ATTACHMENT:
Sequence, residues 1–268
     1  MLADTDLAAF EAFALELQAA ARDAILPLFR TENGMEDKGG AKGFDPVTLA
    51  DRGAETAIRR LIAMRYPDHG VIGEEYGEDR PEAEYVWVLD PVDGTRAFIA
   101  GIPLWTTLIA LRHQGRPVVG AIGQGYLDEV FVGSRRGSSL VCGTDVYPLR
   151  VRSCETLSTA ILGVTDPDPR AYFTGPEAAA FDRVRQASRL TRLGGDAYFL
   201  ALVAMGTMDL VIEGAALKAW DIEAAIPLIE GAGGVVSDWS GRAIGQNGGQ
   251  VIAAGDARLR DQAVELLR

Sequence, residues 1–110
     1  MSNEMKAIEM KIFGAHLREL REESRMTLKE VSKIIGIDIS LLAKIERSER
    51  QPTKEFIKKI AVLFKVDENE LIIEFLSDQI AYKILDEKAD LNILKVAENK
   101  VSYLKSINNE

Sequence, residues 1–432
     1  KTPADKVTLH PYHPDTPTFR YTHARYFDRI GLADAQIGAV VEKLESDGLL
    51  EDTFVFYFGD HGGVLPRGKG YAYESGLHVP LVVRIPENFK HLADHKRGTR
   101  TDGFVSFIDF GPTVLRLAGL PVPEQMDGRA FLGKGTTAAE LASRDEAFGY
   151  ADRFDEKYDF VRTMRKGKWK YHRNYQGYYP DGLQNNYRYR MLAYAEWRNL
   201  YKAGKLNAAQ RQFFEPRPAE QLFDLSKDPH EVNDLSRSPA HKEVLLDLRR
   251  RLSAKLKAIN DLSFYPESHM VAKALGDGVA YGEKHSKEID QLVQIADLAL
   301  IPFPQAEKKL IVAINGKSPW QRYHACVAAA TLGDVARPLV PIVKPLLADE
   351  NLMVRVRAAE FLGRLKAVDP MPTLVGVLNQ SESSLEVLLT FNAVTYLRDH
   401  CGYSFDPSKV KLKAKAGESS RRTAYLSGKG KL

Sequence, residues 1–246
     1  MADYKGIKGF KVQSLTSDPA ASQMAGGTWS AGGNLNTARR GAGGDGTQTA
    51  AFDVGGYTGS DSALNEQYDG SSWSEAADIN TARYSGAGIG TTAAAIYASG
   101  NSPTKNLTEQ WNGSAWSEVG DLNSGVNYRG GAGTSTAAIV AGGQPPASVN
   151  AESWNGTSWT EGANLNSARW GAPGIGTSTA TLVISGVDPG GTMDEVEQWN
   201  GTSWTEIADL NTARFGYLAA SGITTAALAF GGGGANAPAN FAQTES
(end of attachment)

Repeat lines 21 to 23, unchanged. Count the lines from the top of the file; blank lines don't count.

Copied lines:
   401  CGYSFDPSKV KLKAKAGESS RRTAYLSGKG KL

Sequence, residues 1–246
     1  MADYKGIKGF KVQSLTSDPA ASQMAGGTWS AGGNLNTARR GAGGDGTQTA